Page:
Some additional items to note in the Senate’s committee proposal are worth noting as they could provide support for the teaching and learning environment.

  • $1.5 million each year for an Early Literacy Education Pilot program tied to the passage of efforts outlined in Senate Bill 214 and House Bill 488.
  • More than a $1 million increase in Read to Achieve line-item to support reading intervention efforts at the school level.
  • $1 million in each year for the Academy for Equity in Teaching for teacher recruitment efforts.
  • $600,000 in each year for Teacher Loan Forgiveness.

Click here for a detailed analysis of the K-12 items in the senate proposal.

Postsecondary Education

Kentucky’s Council on Postsecondary Education has set an attainment goal of 60% by 2030, while economic projections suggest that the supply of workers with postsecondary education continues to fall short of the demand for an educated workforce. To reach our goals, we must break down barriers to college access, ensure higher education is affordable, and support student success.  The Senate’s committee proposal is a bright spot in the budget – stemming the cycle of funding reductions to our colleges and universities – 33% since 2008 – and increases funds for student financial aid.

  • Colleges and Universities – The Senate’s committee proposal includes a 3.5% increase in total funding direct to campuses in 2021 and an additional 1.3% increase in 2022. These increases include $90 million to be allocated through the performance funding model.  This additional investment direct to campuses totals $71 million over the biennium. Our Big Bold Ask was for $93 million over the biennium to begin phasing in investment to fully implement the performance funding model, and the Senate’s proposal is a step in the right direction.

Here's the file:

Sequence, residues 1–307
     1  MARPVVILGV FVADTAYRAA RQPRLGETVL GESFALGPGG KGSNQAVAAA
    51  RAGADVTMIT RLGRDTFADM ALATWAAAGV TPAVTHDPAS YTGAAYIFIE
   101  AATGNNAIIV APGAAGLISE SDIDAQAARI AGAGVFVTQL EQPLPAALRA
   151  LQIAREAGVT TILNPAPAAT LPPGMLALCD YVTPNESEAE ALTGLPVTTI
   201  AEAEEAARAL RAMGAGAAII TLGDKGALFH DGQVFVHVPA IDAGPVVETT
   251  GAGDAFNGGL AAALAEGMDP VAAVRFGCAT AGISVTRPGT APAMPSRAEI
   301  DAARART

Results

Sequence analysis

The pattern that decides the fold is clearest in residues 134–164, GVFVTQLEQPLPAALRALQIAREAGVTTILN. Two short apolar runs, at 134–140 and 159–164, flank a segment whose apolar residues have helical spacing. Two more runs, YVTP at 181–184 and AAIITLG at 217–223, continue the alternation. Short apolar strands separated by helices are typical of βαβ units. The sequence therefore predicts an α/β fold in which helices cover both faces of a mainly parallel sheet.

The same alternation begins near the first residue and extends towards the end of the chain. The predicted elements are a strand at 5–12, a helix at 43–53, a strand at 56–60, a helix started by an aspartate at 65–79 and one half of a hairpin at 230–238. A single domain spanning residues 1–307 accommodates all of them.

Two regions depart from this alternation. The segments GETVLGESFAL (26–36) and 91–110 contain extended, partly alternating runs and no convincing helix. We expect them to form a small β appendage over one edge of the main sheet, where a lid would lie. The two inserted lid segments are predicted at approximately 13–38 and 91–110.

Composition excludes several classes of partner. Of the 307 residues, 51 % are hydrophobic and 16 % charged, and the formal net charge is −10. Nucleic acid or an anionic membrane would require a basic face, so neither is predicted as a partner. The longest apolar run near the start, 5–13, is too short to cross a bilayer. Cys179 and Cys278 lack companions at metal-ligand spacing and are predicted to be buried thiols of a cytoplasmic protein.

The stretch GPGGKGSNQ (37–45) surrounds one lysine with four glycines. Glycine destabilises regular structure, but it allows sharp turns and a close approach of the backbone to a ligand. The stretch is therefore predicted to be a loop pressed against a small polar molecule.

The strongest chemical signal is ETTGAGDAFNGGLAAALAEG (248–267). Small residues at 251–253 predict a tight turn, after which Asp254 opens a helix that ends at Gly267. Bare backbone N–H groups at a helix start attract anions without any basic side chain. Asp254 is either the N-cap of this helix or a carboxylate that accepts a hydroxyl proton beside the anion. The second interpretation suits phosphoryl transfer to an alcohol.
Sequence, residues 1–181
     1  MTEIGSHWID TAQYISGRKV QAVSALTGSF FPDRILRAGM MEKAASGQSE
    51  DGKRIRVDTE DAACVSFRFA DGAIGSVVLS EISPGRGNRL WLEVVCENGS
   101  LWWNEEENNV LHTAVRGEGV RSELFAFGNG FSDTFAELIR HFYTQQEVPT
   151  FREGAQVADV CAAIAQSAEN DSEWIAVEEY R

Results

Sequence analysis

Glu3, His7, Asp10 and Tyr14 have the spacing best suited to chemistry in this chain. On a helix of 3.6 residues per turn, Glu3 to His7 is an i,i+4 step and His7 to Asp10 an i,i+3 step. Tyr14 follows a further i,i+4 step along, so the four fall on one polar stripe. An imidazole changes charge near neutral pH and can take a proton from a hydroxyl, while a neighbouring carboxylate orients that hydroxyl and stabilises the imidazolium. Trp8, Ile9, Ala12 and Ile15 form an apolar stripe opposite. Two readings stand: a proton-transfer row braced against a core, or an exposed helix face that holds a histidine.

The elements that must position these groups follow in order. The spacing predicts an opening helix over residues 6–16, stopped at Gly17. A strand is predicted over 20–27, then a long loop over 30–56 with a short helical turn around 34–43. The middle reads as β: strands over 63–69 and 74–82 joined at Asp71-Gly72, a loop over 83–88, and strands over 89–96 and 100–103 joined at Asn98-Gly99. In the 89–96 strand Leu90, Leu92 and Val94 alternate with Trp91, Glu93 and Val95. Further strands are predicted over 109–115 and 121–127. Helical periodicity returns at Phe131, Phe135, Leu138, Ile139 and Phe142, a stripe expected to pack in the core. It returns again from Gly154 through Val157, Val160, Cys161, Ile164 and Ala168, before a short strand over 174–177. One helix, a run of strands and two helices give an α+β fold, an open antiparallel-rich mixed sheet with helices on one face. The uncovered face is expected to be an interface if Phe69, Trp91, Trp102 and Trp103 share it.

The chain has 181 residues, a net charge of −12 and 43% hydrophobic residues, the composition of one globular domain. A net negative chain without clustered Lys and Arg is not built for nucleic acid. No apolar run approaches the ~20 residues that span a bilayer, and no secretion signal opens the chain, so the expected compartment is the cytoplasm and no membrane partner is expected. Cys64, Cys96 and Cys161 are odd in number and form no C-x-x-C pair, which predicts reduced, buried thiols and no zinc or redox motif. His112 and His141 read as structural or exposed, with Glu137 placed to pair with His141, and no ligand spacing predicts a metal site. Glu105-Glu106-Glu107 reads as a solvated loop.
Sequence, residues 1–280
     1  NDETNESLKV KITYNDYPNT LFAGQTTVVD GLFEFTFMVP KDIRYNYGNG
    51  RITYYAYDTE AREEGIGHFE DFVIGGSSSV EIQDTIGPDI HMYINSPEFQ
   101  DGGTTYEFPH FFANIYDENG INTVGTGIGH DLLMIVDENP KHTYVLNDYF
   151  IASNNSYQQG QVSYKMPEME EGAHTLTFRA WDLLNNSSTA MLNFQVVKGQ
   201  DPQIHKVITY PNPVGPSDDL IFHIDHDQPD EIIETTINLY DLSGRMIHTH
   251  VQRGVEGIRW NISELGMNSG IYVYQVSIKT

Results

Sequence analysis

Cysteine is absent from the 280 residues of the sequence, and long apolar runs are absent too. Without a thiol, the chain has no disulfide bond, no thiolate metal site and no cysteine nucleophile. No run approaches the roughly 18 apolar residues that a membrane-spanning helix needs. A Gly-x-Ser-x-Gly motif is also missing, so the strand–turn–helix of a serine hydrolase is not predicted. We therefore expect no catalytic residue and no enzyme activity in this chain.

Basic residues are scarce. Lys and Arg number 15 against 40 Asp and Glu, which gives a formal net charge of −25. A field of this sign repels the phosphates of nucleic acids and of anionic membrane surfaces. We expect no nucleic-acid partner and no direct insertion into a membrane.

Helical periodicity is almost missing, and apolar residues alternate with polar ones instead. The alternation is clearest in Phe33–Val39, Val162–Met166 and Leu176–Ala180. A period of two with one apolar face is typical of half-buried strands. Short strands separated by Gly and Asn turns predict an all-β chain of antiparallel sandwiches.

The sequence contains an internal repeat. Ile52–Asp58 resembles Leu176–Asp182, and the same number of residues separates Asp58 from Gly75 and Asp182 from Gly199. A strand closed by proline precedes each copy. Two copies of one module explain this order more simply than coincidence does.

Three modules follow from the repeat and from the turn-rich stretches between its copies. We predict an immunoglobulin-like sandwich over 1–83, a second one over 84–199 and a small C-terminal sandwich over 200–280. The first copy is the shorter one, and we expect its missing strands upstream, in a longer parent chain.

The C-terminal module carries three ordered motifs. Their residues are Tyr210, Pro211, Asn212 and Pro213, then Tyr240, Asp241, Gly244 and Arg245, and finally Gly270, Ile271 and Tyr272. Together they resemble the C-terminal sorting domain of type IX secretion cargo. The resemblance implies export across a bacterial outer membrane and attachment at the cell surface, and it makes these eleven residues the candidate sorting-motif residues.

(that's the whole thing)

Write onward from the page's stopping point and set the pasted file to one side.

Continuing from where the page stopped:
• Need-Based Financial Aid – With lottery receipts projected to rise, this is a bright spot in the budget. The Senate’s committee proposal includes $26.5 million more over the biennium for College Access Program grants for low-income students. Our Big Bold Ask was for $8.9 million over the biennium to begin phasing in investment in CAP grants.  Not only will CAP grants see an increase, but also other critical financial aid programs such as KEES, KTG, Dual Credit, and Work Ready scholarships. Of note, $2.5 million of lottery proceeds are redirected from student financial aid to support the following education-related programs:
    • The Early Literacy Education Pilot Program at the Department of Education.
    • The Read to Achieve Program at the Department of Education.
    • The Jobs for America’s Graduates Program at the Department of Education.
    • The Support Higher Education Project at the University of Kentucky.

Click here for a detailed analysis of the higher education items in the senate proposal.

The Senate’s committee budget proposal represents a step forward for education, but still sobering reminder  that new revenue is necessary  to ensure Kentucky’s investment in education provides the return we know it can.  Without continued progress in education Kentucky’s quality of life and economic growth will suffer.

As noted at the beginning of this post, all of this is substantially tempered by the potential impact of the COVID-19 pandemic on our communities and our capacity to invest in the future.  We can only hope and pray for a quick resolution to the crisis. Stay safe, stay health, embrace your loved ones and act with kindness.

We will have additional detailed analysis when the House and Senate resolve their differences and enact the final budget – with perhaps some additional notes from any support Congress may provide in the next week.

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Further information is available in House Bill 352.